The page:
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Epilepsy on safari

Created:

23 October 2014

Louise Glover was determined not to be defined by her epilepsy. But it was only on safari in South Africa, working with cheetahs and rhinos, that she began to discover who she really is and how her seizures are only a very small part of her. Louise tells her story.

Louise Glover on Safari'Maybe university isn’t for you… We would invite you out drinking with us, but what about your epilepsy? You’re unwell? Again? But you looked okay a minute ago? Maybe you should go on benefits, someone like you shouldn’t really work…'

Epilepsy doesn’t define who you are – you do. My name’s Louise, and since being diagnosed with epilepsy nearly four years ago I’ve learnt a lot about how important it is to be happy in yourself. I’m a positive character and I take epilepsy on the chin. How, you ask? Well, it’s been an adventure…

Driving lessons

You have epilepsy were three words I never expected to hear the day I was taken to the doctors. I’d fallen on the floor. My arms had twitched but so what, I thought everyone twitched. My friends at school told me when they were falling asleep sometimes they would twitch too. I thought this was completely normal. I was about to be celebrating my 18th birthday, studying my A Levels whilst working part-time at a  fast food restaurant and about to start driving lessons – epilepsy was not on my agenda!

What was epilepsy? I had no idea. At the time I was reluctant to learn – I didn’t want to believe I had it, therefore I kept quiet and tried to carry on my daily routine despite how difficult it was becoming fighting with fatigue, migraines, generalised seizures, myoclonic jerks and absences. I was determined to finish my A Levels because I was so desperate to go to university – so I worked and worked. I passed and was accepted into my first choice of university.

So here I was, 19 years old, and about to enter university. I’d spent the past year trying to pretend everything was okay. With the help of the disability team at my campus, I was slowly beginning to realise I had to understand my condition. It was time I should begin to accept it.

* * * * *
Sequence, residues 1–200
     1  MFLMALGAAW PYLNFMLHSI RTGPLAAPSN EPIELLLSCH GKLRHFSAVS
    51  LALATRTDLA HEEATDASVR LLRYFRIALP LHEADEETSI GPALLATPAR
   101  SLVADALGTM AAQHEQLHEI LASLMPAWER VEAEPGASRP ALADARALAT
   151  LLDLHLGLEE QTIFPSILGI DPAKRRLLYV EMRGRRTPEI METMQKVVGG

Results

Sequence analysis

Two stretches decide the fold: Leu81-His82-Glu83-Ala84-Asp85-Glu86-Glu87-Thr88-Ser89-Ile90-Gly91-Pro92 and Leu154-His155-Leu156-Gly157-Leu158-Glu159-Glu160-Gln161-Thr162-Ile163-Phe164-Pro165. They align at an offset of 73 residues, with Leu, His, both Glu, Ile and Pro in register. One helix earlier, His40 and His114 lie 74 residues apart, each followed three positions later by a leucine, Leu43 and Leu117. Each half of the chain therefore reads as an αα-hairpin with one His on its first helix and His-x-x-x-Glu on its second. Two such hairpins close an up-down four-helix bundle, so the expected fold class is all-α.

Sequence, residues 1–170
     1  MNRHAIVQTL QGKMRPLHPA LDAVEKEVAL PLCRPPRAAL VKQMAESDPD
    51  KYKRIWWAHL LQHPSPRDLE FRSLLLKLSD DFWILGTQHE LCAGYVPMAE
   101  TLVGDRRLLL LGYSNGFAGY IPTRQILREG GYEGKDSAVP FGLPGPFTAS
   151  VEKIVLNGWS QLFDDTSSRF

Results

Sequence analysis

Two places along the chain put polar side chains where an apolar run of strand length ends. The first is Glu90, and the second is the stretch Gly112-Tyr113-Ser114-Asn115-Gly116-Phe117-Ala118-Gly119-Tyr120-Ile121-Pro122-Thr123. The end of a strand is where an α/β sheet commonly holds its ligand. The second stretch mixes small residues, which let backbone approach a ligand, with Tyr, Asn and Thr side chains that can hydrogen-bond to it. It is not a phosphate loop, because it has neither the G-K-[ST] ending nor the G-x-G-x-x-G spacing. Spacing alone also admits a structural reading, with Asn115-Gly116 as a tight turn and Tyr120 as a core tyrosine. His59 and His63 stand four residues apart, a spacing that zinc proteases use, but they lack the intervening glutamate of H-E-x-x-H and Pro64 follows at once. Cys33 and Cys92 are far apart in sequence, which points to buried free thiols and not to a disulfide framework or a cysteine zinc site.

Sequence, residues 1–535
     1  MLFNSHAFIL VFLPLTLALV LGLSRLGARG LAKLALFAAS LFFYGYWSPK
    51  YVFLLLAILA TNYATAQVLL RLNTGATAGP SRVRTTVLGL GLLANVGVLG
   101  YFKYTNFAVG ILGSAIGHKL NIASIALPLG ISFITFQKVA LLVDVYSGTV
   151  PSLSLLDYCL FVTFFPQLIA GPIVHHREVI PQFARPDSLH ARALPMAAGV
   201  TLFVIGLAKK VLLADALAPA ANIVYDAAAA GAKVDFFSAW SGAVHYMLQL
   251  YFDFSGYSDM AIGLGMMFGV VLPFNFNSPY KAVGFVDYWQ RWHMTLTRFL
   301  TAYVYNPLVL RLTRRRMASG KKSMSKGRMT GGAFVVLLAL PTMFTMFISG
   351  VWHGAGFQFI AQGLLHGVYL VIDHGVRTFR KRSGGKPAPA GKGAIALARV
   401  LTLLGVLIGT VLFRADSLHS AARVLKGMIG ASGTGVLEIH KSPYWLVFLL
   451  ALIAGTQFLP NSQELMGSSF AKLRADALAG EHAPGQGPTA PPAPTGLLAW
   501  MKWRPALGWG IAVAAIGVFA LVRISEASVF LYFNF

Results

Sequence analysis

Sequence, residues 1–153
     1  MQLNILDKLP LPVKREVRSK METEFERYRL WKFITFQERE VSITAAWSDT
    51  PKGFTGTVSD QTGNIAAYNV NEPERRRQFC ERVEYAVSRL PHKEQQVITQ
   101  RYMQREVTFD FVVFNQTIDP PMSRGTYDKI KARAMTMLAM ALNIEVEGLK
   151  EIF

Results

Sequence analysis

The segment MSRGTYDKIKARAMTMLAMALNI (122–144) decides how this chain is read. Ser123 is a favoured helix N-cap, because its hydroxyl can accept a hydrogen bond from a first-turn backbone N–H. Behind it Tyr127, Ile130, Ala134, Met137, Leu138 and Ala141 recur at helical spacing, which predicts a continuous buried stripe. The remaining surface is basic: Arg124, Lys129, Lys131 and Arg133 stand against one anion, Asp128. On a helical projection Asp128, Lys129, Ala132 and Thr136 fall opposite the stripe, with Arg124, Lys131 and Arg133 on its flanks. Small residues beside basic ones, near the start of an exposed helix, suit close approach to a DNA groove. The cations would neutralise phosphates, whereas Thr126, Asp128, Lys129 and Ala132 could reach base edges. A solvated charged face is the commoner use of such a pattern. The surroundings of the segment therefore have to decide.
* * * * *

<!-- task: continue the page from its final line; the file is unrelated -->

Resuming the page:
University life and seizures

Wow. Being a fresher is so amazing: living in a city for the first time and it’s beautiful, all these clubs are amazing, everyone is so dressed up and enjoying themselves and I get to spend three years doing this. Hell yeah! …I couldn’t have been more wrong.

I got to spend my fresher’s ball in a hospital bed, after being admitted to A&E. There I made two new elderly best friends Pam and Shirley and they reminded me what was important in life: happiness.

I told Pam I didn’t like having epilepsy because when I tell people about my condition, they seem reluctant to want to know any more about it. I felt like they labelled and judged me. I wanted to prove that I’m just as capable as others to live my own life successfully. I wanted to make a difference to how people perceived those with epilepsy.

How was I going to make a difference? I couldn’t drive, I couldn’t drink and I was struggling to balance university and exams with trips to A&E.  I decided to volunteer abroad. I’d officially been accepted onto a wildlife project in the middle of nowhere in South Africa, where I would spend five weeks loking after cheetahs, rhino and hyenas.

Volunteering changed my life. I finally learnt that the only  people I need in my life are those who bring positivity and happiness.

How my epilepsy made me feel

In the wildlife reserve with no electricity, only a hut, campfire and the company of other volunteers from across the world, I shared my life with girls who knew the real me. They took time to get to know how I dealt with my epilepsy and how it made me feel. No judgement was made. They liked me for the person I really was.

Volunteering and travelling was an incredible experience and I would do it a hundred times over. Sure, I had my bad days and some days I was exhausted and my seizures got the better of me, but my experience at the Umkwali Reserve began to give me the confidence I knew I was lacking.

When I came home I decided to take a year out of studying as I had so many hospital investigations and scans and I wanted to get healthier and recover. I have since been working part-time at a cinema. I am open and honest about my epilepsy. I wanted others to know that it’s nothing to fear.

I don't let epilepsy control me

The more people I meet, the more they tell me how inspiring it is to see someone who doesn’t let their condition control them. They see me as a woman who takes epilepsy on the chin, who laughs and smiles about the hassles.

Now I am starting to share  my experiences with others through my videos on YouTube . I want to help raise awareness about epilepsy and show people who have the condition that if they have strength and determination they can succeed at anything. Epilepsy will never define who you are - you do. 

You can watch Louise contemplating the possibilities of  rubbing shoulders with Harry Potter at Hogwarts on her YouTube video.